He is the single-season record holder at BYU, needs only 35 yards to become the all-time leading receiver at BYU (he is only a junior), and has caught 10 touchdown passes this year. He has had nine 100-yard receiving games this season as well. The battle within the battle to watch might be Collie and whoever is manning up on him.
Utah Offense vs. BYU Defense:
Utah's offense has been inconsistent this year, but is playing the best that it has all year. They look to have gotten it figured out. The no-huddle offense suits Brian Johnson very well as that is a situational offense that he has thrived in all year. He has also thrived in situations that have mattered most as well. There are so many weapons on the Utah offense beginning with two big, bruising, yet fresh running backs. Darrel Mack and Matt Asiata have basically split carries this season, with Asiata getting the ball 122 times and averaging 5.2 yards every time he touches the ball. Mack has gotten the ball 110 times and averages 4.5 yards when he gets it. This might be a wonderful luxury to have going up against a banged up defense, most of which is banged up in the secondary.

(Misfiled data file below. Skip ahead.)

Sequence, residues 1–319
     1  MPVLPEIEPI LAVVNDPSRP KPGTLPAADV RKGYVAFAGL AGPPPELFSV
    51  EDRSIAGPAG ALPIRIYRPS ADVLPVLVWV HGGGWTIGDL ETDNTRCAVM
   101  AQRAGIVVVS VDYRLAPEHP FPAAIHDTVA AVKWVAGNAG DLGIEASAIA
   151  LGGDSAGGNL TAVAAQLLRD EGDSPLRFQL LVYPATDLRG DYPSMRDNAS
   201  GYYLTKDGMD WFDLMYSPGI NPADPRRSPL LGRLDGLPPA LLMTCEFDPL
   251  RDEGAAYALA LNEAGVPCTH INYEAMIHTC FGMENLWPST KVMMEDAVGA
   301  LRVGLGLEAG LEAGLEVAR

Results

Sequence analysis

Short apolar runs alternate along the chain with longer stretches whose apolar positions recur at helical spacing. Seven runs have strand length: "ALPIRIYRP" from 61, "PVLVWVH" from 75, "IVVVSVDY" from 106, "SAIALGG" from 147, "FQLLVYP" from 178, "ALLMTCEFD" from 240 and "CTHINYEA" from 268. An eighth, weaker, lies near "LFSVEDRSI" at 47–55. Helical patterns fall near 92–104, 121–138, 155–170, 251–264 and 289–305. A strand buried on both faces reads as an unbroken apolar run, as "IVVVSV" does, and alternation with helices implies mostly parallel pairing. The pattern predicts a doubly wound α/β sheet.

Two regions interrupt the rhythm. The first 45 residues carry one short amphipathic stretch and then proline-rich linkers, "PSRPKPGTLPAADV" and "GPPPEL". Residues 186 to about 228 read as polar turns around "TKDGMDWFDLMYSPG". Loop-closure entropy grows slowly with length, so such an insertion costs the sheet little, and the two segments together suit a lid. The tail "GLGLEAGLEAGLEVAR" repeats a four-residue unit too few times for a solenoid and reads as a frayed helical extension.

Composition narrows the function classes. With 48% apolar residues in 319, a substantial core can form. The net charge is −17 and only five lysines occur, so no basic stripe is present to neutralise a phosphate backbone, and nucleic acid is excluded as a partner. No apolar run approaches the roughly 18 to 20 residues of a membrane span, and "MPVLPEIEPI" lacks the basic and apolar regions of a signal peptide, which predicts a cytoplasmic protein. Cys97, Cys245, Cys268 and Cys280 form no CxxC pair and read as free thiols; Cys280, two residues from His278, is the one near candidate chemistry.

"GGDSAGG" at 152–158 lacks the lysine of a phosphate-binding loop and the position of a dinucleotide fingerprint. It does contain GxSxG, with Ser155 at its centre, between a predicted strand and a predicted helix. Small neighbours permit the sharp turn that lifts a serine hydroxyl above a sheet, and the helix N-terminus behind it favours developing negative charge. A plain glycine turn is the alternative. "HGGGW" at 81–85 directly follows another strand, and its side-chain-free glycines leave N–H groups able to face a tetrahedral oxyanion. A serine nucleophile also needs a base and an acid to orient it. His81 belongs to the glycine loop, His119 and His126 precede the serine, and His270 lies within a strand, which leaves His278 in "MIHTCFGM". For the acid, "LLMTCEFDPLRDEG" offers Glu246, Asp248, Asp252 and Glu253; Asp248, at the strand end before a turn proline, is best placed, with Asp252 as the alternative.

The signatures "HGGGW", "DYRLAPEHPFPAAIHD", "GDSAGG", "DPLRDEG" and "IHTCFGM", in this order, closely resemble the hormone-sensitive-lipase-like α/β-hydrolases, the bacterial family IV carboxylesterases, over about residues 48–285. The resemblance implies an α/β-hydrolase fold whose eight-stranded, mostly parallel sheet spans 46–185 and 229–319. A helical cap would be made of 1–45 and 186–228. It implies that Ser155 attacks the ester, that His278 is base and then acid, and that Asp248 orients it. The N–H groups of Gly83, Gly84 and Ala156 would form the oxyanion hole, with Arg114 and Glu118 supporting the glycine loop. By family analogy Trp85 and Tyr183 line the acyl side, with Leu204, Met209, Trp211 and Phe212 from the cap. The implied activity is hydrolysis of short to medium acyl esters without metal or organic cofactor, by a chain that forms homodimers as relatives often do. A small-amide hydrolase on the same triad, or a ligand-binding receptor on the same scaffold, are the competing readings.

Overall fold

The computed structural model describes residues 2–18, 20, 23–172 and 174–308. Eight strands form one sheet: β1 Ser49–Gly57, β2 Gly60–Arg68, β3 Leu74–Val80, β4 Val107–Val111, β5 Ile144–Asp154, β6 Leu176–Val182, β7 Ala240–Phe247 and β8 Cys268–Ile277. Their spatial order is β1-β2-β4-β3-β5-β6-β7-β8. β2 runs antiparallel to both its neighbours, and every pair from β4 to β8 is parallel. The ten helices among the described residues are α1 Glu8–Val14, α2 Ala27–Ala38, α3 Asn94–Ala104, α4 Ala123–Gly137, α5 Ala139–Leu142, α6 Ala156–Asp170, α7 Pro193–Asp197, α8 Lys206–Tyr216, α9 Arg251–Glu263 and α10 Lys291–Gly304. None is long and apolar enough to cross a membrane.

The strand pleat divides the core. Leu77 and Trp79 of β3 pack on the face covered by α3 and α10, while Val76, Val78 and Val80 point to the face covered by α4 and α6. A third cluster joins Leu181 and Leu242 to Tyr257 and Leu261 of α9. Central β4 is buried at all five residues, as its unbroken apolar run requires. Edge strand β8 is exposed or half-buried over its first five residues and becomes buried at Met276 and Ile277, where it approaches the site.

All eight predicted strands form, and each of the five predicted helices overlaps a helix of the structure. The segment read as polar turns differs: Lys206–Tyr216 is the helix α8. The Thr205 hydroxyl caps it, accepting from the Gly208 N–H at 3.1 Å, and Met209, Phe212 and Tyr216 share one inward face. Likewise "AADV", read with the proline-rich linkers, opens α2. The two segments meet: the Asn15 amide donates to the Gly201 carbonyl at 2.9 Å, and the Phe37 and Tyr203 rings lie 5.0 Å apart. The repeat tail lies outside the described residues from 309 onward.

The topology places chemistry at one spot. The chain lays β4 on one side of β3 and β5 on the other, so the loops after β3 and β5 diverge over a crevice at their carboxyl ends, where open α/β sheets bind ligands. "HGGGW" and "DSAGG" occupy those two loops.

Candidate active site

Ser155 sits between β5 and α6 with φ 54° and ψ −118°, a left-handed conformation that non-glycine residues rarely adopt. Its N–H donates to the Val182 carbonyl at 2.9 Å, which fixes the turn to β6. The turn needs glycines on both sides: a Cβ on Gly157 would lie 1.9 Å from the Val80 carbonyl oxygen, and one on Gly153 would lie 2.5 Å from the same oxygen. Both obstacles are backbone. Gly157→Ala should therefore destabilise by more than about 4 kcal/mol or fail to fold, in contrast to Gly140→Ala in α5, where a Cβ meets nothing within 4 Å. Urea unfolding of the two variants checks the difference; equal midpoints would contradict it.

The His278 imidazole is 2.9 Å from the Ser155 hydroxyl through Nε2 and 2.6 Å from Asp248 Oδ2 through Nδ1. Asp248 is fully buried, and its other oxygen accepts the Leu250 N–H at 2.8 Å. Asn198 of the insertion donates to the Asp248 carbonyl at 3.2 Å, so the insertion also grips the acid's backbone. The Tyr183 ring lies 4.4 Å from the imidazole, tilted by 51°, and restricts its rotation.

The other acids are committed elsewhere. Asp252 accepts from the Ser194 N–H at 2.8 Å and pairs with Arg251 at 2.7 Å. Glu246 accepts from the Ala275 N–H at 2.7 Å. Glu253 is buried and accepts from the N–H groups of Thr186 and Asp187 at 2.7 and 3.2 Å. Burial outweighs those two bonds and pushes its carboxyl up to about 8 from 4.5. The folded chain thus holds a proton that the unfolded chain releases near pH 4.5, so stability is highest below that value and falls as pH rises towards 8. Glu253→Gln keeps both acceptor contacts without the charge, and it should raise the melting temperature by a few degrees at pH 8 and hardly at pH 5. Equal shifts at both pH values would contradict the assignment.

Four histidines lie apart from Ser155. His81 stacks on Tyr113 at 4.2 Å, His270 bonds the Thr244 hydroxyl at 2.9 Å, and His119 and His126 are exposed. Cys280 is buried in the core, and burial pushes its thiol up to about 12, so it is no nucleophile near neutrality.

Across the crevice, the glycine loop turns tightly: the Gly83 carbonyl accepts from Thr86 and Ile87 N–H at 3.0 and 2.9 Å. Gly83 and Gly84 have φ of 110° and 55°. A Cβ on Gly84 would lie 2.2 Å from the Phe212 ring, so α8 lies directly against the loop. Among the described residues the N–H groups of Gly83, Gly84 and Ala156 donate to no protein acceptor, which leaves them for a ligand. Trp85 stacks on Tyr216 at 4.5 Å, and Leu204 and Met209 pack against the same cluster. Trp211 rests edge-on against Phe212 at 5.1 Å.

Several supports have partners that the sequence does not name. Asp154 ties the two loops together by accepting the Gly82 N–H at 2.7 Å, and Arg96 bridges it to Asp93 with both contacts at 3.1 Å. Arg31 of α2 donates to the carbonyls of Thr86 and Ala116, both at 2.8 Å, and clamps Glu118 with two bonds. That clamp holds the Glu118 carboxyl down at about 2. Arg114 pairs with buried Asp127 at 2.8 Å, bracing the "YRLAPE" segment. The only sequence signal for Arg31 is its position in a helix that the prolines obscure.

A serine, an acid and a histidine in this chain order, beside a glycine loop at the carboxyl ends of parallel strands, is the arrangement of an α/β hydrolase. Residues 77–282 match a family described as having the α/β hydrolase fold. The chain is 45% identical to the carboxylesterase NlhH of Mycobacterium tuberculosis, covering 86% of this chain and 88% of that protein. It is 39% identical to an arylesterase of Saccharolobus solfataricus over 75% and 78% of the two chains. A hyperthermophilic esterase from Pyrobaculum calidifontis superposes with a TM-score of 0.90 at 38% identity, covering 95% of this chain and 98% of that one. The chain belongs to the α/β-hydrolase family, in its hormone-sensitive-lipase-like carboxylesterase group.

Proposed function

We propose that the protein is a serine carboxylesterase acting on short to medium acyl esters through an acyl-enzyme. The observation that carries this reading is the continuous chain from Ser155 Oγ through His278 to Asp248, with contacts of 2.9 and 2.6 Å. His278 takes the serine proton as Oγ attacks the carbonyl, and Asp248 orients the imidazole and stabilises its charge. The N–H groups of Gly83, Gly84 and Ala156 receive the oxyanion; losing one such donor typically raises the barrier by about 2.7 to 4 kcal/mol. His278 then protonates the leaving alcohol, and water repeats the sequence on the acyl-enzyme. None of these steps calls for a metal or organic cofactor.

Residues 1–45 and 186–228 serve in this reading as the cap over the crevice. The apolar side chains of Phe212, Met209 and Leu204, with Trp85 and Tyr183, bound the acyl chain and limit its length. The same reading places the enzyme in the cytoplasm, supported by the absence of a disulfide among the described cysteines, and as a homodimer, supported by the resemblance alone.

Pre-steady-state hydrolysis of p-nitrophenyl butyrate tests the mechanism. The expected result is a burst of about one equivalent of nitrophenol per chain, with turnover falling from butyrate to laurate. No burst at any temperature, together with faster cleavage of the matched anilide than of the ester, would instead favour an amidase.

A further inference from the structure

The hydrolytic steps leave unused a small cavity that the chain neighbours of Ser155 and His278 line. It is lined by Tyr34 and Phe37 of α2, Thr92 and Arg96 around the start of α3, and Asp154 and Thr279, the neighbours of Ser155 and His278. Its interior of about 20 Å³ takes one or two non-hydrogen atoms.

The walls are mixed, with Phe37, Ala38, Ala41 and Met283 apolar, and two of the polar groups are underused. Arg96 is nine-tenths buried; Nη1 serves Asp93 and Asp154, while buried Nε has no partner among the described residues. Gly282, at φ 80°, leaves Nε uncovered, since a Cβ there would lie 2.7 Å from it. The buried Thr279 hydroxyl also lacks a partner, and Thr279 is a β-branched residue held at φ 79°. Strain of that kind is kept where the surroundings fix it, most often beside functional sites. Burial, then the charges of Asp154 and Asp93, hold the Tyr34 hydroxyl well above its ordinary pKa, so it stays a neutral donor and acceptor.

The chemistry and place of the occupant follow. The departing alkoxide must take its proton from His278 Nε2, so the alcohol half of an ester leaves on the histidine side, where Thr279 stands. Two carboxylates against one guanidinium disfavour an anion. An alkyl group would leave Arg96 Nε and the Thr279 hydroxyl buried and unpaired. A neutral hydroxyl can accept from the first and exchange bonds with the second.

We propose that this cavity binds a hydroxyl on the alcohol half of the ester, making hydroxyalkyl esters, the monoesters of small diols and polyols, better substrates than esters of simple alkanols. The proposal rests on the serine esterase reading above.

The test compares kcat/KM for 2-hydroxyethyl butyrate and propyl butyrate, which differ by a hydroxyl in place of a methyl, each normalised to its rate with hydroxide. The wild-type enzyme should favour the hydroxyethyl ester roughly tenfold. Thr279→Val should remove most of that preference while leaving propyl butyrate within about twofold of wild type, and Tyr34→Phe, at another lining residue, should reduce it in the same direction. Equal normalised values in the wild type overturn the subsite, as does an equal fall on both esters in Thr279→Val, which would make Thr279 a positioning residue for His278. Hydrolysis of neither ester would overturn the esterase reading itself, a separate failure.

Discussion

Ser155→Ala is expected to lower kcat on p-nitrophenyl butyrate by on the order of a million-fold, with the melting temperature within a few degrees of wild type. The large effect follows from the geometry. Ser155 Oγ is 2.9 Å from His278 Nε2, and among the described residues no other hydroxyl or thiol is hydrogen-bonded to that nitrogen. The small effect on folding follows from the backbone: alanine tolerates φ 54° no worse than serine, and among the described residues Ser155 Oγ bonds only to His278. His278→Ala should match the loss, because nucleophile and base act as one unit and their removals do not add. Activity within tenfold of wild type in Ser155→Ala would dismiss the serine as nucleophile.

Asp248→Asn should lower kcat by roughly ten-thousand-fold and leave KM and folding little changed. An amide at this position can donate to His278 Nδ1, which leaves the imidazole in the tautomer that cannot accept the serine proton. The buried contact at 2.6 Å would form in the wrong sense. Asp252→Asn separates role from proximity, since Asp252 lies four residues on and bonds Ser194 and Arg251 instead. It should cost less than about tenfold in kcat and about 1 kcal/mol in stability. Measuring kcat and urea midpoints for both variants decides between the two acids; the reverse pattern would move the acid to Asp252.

The Utes have all the speed guys as well on the outside. Brent Casteel, Jereme Brooks, Elijah Wesson, and Eddie Wide are all guys that can get around the corner. Braden Godfrey has been great this year going over the middle and Freddie Brown has emerged as a go-to guy on third and fourth downs. David Reed has also helped out opposite Brown. This offense started off very slow this year, but as inconsistent as they have been this season, they have consistently gotten better every week.